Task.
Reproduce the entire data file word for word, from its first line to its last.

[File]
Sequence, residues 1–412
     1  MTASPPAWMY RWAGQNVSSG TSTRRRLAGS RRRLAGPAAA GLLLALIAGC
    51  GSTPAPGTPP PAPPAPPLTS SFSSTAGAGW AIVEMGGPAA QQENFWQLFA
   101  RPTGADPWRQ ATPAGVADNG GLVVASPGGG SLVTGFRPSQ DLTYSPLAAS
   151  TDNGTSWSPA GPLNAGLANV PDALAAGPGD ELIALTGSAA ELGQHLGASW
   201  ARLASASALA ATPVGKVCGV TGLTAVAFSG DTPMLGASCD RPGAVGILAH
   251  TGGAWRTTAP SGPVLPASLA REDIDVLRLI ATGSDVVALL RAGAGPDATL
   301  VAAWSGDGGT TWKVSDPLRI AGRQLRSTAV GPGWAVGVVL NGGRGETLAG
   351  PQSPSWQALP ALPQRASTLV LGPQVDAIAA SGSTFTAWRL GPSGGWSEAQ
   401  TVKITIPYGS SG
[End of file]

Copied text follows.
Sequence, residues 1–412
     1  MTASPPAWMY RWAGQNVSSG TSTRRRLAGS RRRLAGPAAA GLLLALIAGC
    51  GSTPAPGTPP PAPPAPPLTS SFSSTAGAGW AIVEMGGPAA QQENFWQLFA
   101  RPTGADPWRQ ATPAGVADNG GLVVASPGGG SLVTGFRPSQ DLTYSPLAAS
   151  TDNGTSWSPA GPLNAGLANV PDALAAGPGD ELIALTGSAA ELGQHLGASW
   201  ARLASASALA ATPVGKVCGV TGLTAVAFSG DTPMLGASCD RPGAVGILAH
   251  TGGAWRTTAP SGPVLPASLA REDIDVLRLI ATGSDVVALL RAGAGPDATL
   301  VAAWSGDGGT TWKVSDPLRI AGRQLRSTAV GPGWAVGVVL NGGRGETLAG
   351  PQSPSWQALP ALPQRASTLV LGPQVDAIAA SGSTFTAWRL GPSGGWSEAQ
   401  TVKITIPYGS SG